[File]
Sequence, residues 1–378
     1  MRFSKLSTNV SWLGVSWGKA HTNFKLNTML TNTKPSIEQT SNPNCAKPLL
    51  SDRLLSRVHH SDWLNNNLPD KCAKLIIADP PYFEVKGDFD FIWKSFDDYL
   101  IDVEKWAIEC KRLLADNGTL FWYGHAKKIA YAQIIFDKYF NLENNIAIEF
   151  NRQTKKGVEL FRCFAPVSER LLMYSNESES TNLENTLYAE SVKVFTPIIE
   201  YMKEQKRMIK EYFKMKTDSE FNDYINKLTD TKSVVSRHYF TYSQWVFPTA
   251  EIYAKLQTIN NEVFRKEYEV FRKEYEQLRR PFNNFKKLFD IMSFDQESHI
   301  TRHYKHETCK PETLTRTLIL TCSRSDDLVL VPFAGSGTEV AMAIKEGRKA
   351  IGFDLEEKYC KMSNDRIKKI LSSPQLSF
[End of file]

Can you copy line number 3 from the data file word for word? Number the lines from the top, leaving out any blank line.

    51  SDRLLSRVHH SDWLNNNLPD KCAKLIIADP PYFEVKGDFD FIWKSFDDYL